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Home Pet Q&A Cat Questions How Long Does It Take For A Cat To Get Used To A Dog?

How Long Does It Take For A Cat To Get Used To A Dog?

While some cats and dogs take to each other right way, it will usually take a few weeks to a few months for a cat to get used to a dog. Of course, the personalities of both pets have a large impact on how long it will take. Remember, you're not necessarily looking for the pets to become BFFs. If your cat is happy to ignore your dog while being in the same room, that could be considered a success.

Tips For Springing A Dog On Your Cat 

If your cat hasn't had a dog around in a while—or at all—there are some things to keep in mind when bringing a dog into the house:

  • Make sure you cat has a safe space. One way to accomplish this is to put a small pet door on a room that your cat can fit through but the dog cannot.
  • Make sure the dog does not have access to your cat's litter box. Not only do some dogs eat from the litter box, but if they startle the cat when he's is using the box, he may become afraid to use it.
  • Also, don't allow the dog to have access to the cat's food bowl. Cats do not usually appreciate sharing. Place the bowl up on a high surface and give the cat easy access via a cat tree or strategically placed furniture. 

Proper Introductions 

You can't just bring a dog into the house and leave him alone with the cat. Instead, slow introductions are recommended.

  1. Make sure that both pets are ready to be introduced. This entails your dog being well-trained with the "sit" and "stay" commands and your kitty being fully litter box trained and not nervous in his new environment. Additionally, you should set up an isolation room for your kitty where your dog is not allowed to enter.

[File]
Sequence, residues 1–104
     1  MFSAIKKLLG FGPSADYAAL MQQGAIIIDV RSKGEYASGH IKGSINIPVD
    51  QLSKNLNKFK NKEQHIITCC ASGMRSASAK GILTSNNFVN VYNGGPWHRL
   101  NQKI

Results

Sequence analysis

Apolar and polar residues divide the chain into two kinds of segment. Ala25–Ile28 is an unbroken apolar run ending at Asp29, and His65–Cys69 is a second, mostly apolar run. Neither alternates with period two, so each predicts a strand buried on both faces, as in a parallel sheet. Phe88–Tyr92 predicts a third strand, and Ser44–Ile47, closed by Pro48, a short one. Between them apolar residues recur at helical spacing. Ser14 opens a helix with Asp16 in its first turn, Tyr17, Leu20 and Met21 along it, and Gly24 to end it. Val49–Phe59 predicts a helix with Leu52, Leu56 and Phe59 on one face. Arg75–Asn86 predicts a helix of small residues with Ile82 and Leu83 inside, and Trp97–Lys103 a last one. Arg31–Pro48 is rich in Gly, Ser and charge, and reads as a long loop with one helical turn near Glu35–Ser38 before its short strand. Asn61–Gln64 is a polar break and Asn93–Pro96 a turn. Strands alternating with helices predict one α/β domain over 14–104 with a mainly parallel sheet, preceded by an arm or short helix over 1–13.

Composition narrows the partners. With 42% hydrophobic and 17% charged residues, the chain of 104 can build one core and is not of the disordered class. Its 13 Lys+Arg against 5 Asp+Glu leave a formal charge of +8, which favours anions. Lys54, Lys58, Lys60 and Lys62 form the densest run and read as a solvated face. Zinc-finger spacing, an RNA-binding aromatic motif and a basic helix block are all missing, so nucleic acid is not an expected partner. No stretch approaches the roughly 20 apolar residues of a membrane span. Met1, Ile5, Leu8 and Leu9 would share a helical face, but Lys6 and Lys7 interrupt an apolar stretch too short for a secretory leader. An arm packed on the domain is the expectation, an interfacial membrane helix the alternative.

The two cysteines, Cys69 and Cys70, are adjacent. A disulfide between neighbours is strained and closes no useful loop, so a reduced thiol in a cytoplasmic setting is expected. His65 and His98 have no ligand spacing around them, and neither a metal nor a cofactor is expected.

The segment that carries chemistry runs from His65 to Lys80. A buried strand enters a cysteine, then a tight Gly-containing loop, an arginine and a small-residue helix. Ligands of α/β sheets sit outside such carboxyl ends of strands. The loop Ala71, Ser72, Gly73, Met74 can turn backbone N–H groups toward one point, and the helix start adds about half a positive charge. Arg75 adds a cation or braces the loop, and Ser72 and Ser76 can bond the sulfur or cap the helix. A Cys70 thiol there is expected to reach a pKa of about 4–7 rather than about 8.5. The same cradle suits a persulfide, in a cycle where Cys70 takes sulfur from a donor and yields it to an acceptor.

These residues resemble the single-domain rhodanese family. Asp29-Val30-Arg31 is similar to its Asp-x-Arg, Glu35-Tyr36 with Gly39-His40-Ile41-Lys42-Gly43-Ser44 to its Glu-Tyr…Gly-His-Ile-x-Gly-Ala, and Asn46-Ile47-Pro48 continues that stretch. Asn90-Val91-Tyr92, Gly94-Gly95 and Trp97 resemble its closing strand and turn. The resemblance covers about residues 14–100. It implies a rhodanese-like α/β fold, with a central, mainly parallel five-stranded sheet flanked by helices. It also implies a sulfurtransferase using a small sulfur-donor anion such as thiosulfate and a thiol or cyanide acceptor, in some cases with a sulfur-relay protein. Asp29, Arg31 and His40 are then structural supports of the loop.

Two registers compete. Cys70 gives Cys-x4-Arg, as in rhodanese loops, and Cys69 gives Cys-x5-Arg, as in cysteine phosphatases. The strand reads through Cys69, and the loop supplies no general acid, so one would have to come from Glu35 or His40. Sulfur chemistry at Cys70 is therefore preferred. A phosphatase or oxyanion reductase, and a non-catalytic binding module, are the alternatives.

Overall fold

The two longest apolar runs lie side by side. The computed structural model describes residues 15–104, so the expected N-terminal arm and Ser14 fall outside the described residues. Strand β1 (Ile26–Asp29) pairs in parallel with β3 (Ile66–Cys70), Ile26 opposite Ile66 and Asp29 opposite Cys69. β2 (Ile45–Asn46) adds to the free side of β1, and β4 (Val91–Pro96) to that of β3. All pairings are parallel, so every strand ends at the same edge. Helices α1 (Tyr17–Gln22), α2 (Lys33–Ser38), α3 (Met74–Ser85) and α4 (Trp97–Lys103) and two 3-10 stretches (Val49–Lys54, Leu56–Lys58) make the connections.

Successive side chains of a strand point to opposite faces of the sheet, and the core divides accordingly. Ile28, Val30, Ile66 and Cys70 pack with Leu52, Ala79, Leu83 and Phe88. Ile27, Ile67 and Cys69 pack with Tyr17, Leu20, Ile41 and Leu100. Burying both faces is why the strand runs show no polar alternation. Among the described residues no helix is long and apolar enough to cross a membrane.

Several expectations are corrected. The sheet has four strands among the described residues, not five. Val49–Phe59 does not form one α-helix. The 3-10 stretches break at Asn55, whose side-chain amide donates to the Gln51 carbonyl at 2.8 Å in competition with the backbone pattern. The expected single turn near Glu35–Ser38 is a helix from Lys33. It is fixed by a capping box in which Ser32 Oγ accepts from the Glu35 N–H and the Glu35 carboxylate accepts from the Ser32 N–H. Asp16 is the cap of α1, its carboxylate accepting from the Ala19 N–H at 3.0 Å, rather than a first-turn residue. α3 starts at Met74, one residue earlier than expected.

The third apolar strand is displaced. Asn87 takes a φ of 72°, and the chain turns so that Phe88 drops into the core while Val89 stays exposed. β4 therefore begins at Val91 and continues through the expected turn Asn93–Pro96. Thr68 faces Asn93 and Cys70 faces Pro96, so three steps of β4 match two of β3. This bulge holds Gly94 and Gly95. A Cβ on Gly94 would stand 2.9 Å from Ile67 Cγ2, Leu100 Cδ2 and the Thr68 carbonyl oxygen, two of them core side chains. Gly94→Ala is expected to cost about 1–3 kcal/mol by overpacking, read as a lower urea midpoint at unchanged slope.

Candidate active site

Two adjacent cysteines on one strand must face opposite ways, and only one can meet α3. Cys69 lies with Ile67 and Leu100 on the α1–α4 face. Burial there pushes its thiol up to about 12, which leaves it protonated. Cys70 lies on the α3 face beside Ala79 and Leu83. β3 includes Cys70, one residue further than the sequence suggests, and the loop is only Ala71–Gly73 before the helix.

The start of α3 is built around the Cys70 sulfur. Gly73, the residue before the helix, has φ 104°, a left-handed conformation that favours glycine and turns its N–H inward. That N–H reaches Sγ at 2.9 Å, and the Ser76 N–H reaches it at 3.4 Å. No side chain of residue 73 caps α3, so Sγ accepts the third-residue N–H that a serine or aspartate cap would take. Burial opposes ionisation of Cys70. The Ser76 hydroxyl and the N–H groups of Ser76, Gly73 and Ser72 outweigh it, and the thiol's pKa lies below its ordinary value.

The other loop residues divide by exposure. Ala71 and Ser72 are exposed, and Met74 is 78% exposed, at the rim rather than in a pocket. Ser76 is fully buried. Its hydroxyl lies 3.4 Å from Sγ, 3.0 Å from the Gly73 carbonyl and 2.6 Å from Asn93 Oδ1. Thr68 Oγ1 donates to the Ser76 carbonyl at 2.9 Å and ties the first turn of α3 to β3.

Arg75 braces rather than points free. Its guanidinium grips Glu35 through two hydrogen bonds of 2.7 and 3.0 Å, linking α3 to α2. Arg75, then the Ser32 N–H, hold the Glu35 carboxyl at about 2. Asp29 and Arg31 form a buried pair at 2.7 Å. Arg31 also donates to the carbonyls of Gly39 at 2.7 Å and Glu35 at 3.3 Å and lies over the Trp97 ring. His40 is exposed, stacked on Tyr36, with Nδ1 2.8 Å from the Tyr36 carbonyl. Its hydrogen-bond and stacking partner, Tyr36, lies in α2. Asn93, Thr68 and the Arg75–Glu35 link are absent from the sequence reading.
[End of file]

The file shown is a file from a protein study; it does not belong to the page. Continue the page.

2. Feed your dog and your cat on opposite sides of the door. They will begin to associate each other's smell with something exciting - eating! If your dog begins pawing or barking at the door, give a firm "No!" command and move the bowls farther away from the door. You can slowly move the bowls closer to the door each day until both pets are eating calmly. From there, you can expose them to each others' scents more strongly by rubbing them with a towel and then placing the towel next to the opposite pet's food bowl.
  3. Create train your cat by having him spend short periods of time in his crate each day. You can lure him in with a treat trail. This is an important step to complete before moving on to step.
  4. Put your cat in his crate and your dog on his leash. Bring your dog into the room the cat crate is in and have him practice commands with you for about 5 minutes. If he ignores your commands because he is too interested in the kitty, give him a firm "No!", walk him outside of the room, practice some commands, and then try entering the room again. Slowly increase the amount of time spent in the room together.
  5. Next, put your pup on his leash and have him do a down-stay in the far side of the room while you have a helper open the cat's crate. If your cat won't come out of the crate, leave the room with your dog until your cat comes out of the crate and then attempt to re-enter with your dog. It is crucial to keep your dog in a down-stay so he doesn't intimidate your cat. Gradually increase the amount of time spent in the room together.
  6. When your cat and leashed dog can be relaxed in the same room, drop your dog's leash. 

If the introductions aren't going well, if the dog seems aggressive, or if the cat seems particularly nervous, seek the advice of a professional trainer. The sooner you do this, the better so as to prevent bad behavior from becoming a habit.

Happily, most cats and dogs will learn to get along just fine and many do become friends and playmates. 

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